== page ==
Saturday, November 30, 2013

Roubini : Indonesia could Grow faster than China and India

“Countries like India, Brazil, Turkey, South Africa and Ukraine [are also running deficits], but I would not put Indonesia in this group, even if Indonesia has some macro-financial fragility,” he said Saturday in his remarks delivered during the CEO Summit conference held as part of the APEC leaders meetings.“With the right economic reforms, the growth of Indonesia in the second half of this decade could even be higher than China and India,” Roubini predicted. - in The Jakarta Post


Nouriel Roubini is an American professor of Economics at New York University`s Stern School of Business and chairman of RGE Roubini Global Economics

Friday, November 29, 2013

U.S. Stock Market not in a Bubble Yet

In a Bloomberg interview, Roubini said central bank liquidity is not going to the economic recovery but into financial transactions “We are maybe not in bubble territory for the U.S. stock market, but if you look at housing around the world — Switzerland, Sweden, Norway, France, Germany, Israel, Brazil, Hong Kong, Singapore, China — we have frothiness if not outright bubbles in housing markets in many parts of the world,” he said. Also, the tech sector appears vulnerable with start-ups being overvalued based on forward revenue they haven’t even taken in yet. In addition, central bankers face a tough choice between killing off the recovery, or fueling growth at the risk of inflating the next financial crisis.
Nouriel Roubini is an American professor of Economics at New York University`s Stern School of Business and chairman of RGE Roubini Global Economics

Wednesday, November 27, 2013

Roubini ‏: In Bahrain Water more costly than Gasoline


Nouriel Roubini : In Bahrain water more costly than gasoline. Gasoline subsidized. Water costly as imported or produced with energy intensive desalinization- in twitter

Nouriel Roubini is an American professor of Economics at New York University`s Stern School of Business and chairman of RGE Roubini Global Economics

Monday, November 25, 2013

Roubini : U.S. Economy Growth Is Low, Inflation Is Low, Unemployment Is High

The economic activity is recovering very anemically. Growth is low, inflation is low, unemployment is high. That is the reason why we have zero policy rates, we have QE, credit easing.


Nouriel Roubini is an American professor of Economics at New York University`s Stern School of Business and chairman of RGE Roubini Global Economics 


 

Friday, November 22, 2013

Roubini Reasons for Caution

 Nouriel Roubini, chairman of Roubini Global Economics, expects recovery in the west to be 'at best weak'. He talks to Sarah Gordon, Europe business editor, a... Icerik giriniz


Nouriel Roubini is an American professor of Economics at New York University`s Stern School of Business and chairman of RGE Roubini Global Economics

Thursday, November 21, 2013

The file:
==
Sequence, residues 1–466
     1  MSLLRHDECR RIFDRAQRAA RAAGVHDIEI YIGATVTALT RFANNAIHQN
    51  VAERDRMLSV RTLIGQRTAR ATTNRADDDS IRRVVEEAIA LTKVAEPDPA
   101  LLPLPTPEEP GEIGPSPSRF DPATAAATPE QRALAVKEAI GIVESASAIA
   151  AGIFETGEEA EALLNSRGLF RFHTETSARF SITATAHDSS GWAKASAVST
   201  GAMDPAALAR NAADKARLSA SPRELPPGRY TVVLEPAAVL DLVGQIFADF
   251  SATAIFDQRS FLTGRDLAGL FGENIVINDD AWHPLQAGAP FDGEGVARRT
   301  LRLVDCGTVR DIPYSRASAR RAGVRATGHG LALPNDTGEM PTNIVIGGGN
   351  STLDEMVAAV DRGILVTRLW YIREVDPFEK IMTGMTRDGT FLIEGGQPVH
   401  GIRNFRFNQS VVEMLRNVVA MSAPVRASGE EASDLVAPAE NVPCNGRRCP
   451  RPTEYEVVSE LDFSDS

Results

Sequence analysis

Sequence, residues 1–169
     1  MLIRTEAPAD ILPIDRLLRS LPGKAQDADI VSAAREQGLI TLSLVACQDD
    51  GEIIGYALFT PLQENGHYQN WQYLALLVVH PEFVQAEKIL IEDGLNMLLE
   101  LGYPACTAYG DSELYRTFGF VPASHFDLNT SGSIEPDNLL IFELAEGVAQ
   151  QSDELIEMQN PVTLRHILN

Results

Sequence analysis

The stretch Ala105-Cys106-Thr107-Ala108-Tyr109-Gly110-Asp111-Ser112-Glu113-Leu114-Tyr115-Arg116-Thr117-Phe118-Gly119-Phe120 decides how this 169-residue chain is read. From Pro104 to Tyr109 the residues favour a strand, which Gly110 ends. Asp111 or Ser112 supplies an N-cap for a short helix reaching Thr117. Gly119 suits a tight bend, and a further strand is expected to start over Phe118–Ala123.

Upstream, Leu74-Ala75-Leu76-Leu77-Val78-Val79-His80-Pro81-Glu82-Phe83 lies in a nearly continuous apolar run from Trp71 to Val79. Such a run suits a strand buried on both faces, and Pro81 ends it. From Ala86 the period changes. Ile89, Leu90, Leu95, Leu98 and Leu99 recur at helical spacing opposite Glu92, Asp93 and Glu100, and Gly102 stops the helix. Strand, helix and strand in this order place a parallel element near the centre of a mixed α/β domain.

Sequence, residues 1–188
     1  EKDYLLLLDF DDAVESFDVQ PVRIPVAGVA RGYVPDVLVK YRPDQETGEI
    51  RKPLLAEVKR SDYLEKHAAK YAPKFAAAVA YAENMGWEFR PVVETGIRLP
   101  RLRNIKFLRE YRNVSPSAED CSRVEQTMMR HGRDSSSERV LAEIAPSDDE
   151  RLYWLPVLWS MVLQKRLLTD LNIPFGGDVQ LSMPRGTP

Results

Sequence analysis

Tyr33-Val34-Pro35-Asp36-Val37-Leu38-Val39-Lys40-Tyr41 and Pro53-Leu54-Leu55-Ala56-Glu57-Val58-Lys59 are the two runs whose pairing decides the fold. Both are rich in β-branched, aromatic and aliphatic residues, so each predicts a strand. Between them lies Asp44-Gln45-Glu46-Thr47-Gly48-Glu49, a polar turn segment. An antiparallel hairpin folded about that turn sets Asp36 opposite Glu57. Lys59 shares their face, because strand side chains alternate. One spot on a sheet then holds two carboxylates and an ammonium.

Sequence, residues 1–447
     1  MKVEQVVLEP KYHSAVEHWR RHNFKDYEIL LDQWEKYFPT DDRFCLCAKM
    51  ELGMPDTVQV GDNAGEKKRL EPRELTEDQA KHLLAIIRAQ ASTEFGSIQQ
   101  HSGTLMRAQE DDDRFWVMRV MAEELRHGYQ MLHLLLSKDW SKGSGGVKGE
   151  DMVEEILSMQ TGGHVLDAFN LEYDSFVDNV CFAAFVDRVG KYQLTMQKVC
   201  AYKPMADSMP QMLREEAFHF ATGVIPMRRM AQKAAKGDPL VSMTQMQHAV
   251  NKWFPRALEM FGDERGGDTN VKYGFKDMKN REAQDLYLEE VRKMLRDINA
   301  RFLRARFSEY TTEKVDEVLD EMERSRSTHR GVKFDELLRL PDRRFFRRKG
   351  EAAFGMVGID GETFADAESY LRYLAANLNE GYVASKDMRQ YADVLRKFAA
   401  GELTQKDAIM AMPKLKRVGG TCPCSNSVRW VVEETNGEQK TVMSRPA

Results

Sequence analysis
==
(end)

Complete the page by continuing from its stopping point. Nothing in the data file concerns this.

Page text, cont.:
Nouriel Roubini dukes with EL-Erian

Watch the video below.

Rich Countries may be entering twilight zone of Ultralow Inflation

Nouriel Roubini : Or deflation @EconBizFin: The growing fear is that rich countries may be entering twilight zone of ultralow inflation - in twitter

Nouriel Roubini is an American professor of Economics at New York University`s Stern School of Business and chairman of RGE Roubini Global Economics

Tuesday, November 19, 2013

Roubini : 10 basic and key questions that the Senators failed to ask Janet Yellen at her confirmation hearing

 10 basic and key questions Senators were too naive to ask Yellen:

1. You wrote about optimal control (OC) ie allow inflation above target. Do you support OC?
2. You wrote a few times that inflation may have to go above target for a while to reduce labor slack. Do you support this optimal control?
3. Do you agree with Governor Stein that macro-pru will not be sufficient to control bubbles? Would you raise rates sooner to prick bubbles?
 4. While you say no bubble today what is the risk that slow QE exit & policy rate normalization (4 yrs) will cause bubbles down the line?
5 . If the current approach to too-big-to-fail will not work would you down the line support breaking up big banks to deal with TBTF?
6. What will be Fed losses of paying interest on excess reserves of $3 trillion+ when you will normalize policy rates to 4%? 120bn a year?
7. Fed criteria for taper is a cumulative improvement in labor mkt outlook. Aren't we there now given fall in Un Rate & 180K jobs per month?
8. After ZIRP, QE, CE, FG growth is still weak & mon pol ineffective? Wouldn't a better policy mix be more fiscal stimulus & less monetary?
9. What is risk of fiscal dominance as Fed is effectively monetizing public debt? Should mon pol be used to nudge congress to cut deficit?
 10. What is risk of debt dominance, ie Fed unable to raise rates fast enough as high public/household debt requires low debt service ratio?  - via twitter


 Nouriel Roubini is an American professor of Economics at New York University`s Stern School of Business and chairman of RGE Roubini Global Economics

Sunday, November 17, 2013

Roubini : The ECB will eventually move to a Negative Deposit Rate

Nouriel Roubini: In October we at RGE also made an out of consensus call that the ECB will eventually move to a negative deposit rate and even to QE
And now senior ECB officials are openly talking about a negative deposit rate and about QE as options to fight low inflation/ strong euro - in Twitter



Nouriel Roubini is an American professor of Economics at New York University`s Stern School of Business and chairman of RGE Roubini Global Economics

Friday, November 15, 2013

Roubini on The Financial Armageddon

Nouriel Roubini : If you worry about Financial Armageddon, it is indeed metaphorically the time to stock your bunker with guns, ammunition, canned food and gold bars.


Nouriel Roubini is an American professor of Economics at New York University`s Stern School of Business and chairman of RGE Roubini Global Economics